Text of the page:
Trump's $1.3 million cash crunch
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Donald TrumpDonald TrumpIran convicts American businessman on spying charge: report DC, state capitals see few issues, heavy security amid protest worries Pardon-seekers have paid Trump allies tens of thousands to lobby president: NYT MORE's campaign finished May with just $1.3 million in the bank, a strikingly low figure for a presumptive presidential nominee.

Trump raised just $3.1 million for his campaign in May, compared to the $26.4 million raised by presumptive Democratic nominee Hillary ClintonHillary Diane Rodham ClintonRep. John Katko: Why I became the first Republican lawmaker to support impeachment Can we protect our country — from our rulers, and ourselves? For Joe Biden, an experienced foreign policy team MORE

Trump's figures are more in line with a Senate or House candidate than a presidential nominee and would put him behind not only Clinton but Ted CruzRafael (Ted) Edward CruzNewly released video from inside Capitol siege shows rioters confronting police, rifling through Senate desks Can we protect our country — from our rulers, and ourselves? Democratic super PAC targets Hawley, Cruz in new ad blitz MORE and Bernie SandersBernie SandersBiden tax-hike proposals face bumpy road ahead Senate Democrats leery of nixing filibuster 'Almost Heaven, West Virginia' — Joe Manchin and a 50-50 Senate MORE, who were runners-up in their respective primaries. 

Clinton, in comparison, finished May with $42.5 million cash on hand. Clinton has raised $238.2 million over the entire campaign — nearly quadruple Trump's largely self-funded $64.6 million.

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Trump revealed his finances in a report to the Federal Election Commission delivered Monday night.

On Tuesday morning, he brushed off suggestions of trouble.

"I understand money better than anybody," Trump said in an interview with NBC's "Today" in which he blamed some of his problems on his party.

On "Fox and Friends," Trump said he helped bring in "about $12 million" for the Republican Party in a fundraising trip through Texas, Nevada and Arizona.

Trump's money problems, however, are sure to add to concerns in the GOP about whether he can compete with Clinton. 

On Monday, Trump fired his campaign manager, Corey Lewandowski, a public acknowledgement of problems in his operation.

Before the FEC report was released, Trump and his top lieutenants had been publicly projecting confidence and insisting they don't need as much money as Clinton does to win. 

"500 is the number," said Anthony Scaramucci, a Wall Street financier and Trump fundraiser, in an email to The Hill last week.

Scaramucci meant $500 million, which is less than half of what the Clinton forces are expecting to raise for the general election. 

"I must be living outside the bubble," Scaramucci added. "He will get enough and beat her in the fall."

Trump has boasted — accurately — that he won the Republican primary by spending less than his opponents. 

And since pivoting into general election mode, Trump and his allies have pitched themselves as the leaner, more efficient alternative to Clinton. 

Trump's campaign had roughly 70 employees on the payroll in the last reporting cycle, while Clinton has more than 700. And Trump — a master manipulator of the cable news cycle — claims that with his unparalleled ability to command media attention he doesn't need to spend as much as Clinton does on commercials.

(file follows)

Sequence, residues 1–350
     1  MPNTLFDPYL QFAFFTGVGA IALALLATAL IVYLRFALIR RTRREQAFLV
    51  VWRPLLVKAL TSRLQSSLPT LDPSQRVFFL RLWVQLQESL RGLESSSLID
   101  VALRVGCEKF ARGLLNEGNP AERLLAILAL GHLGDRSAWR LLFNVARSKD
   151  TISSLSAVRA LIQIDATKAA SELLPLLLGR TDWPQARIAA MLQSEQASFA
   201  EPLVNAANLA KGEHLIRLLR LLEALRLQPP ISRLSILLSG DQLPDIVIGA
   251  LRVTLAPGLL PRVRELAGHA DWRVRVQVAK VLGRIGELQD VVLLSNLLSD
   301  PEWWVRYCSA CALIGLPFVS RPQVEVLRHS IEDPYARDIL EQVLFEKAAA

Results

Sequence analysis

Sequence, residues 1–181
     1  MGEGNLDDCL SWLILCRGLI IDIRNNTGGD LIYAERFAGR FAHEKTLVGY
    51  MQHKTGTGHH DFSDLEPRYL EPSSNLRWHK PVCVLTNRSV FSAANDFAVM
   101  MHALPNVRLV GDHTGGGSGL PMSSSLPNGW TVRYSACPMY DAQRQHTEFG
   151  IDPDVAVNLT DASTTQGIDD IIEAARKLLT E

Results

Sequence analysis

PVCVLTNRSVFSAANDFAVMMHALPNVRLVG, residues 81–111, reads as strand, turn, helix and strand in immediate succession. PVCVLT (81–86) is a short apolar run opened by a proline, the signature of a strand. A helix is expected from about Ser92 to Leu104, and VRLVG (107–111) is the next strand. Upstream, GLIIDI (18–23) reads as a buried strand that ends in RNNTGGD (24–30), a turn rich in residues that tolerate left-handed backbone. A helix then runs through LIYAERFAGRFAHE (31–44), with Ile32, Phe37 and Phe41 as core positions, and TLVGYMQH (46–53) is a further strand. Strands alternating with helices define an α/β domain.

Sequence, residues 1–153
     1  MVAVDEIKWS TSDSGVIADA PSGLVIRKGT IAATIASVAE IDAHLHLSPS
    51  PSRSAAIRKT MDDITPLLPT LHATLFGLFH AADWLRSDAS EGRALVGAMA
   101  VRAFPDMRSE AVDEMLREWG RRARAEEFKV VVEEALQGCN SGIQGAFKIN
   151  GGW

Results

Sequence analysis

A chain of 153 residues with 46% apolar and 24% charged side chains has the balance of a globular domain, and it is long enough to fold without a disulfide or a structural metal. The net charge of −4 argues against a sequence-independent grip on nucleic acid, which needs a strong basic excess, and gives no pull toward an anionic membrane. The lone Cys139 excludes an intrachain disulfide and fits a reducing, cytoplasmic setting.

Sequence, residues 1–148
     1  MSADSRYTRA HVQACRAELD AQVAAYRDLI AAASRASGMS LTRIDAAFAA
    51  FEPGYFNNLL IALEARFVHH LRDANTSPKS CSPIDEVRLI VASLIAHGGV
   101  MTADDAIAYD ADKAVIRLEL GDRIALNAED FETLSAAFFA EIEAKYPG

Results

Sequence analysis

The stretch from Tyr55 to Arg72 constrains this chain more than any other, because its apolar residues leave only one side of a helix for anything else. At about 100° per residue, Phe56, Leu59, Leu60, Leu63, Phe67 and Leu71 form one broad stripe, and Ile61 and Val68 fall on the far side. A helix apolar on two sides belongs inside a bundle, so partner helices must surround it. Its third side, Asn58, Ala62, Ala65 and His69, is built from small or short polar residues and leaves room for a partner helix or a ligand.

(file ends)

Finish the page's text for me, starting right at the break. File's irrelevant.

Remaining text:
But that narrative is wearing on some key members of Trump's campaign team, including his top finance chiefs, who are getting nervous about the current state of the campaign. 

They are watching Clinton and her super-PAC book some $40 million worth of unanswered advertising in swing states such as Ohio, Florida and Nevada. 

And they are wondering when Trump himself will get serious about courting the billionaire GOP donors he needs to fund his campaign. He's charming in rooms with donors, but he doesn't do the follow-up schmoozing on the phone that's required to bring in large checks.

In an interview with The Hill on Monday morning, a top Trump fundraiser said he and his colleagues had reached a point of deep frustration at the state of the campaign's money operation. 

"Where is the small dollar fundraising? It's not happening so far as I can tell," the source said, adding that they were being forced to chase small dollars because a number of high-net-worth donors were deciding not to support Trump.

The RNC together with the Trump campaign has formed a joint committee that has been raising millions in recent retreats, but most of that money goes to the national party. 

Trump ultimately benefits from some of that money because it pays for the RNC's field team of some 500 staff members and its data operations, but by outsourcing much of his operation, Trump leaves himself vulnerable to other people's decisions if his campaign falls off the rails.

Trump, who claims he is worth $10 billion, insists he'll fund himself if the Republican Party abandons him, but no senior person on his campaign who has spoken to The Hill believes he'll make good on that promise. 

The candidate has loaned his campaign some $46 million so far, including $2.2 million in May. And it rang true to many when he said during the primary campaign that he didn't want to sell any of his buildings to fund a vastly more expensive general election. 

What's left is a campaign fundraising apparatus that more closely resembles a mid-tier Senate or House campaign than that of a presidential nominee. 

Currently, the top 50 members of the U.S. House of Representatives all have more cash on hand than Trump, according to the non-partisan campaign finance website OpenSecrets.

This story was updated at 9:10 a.m.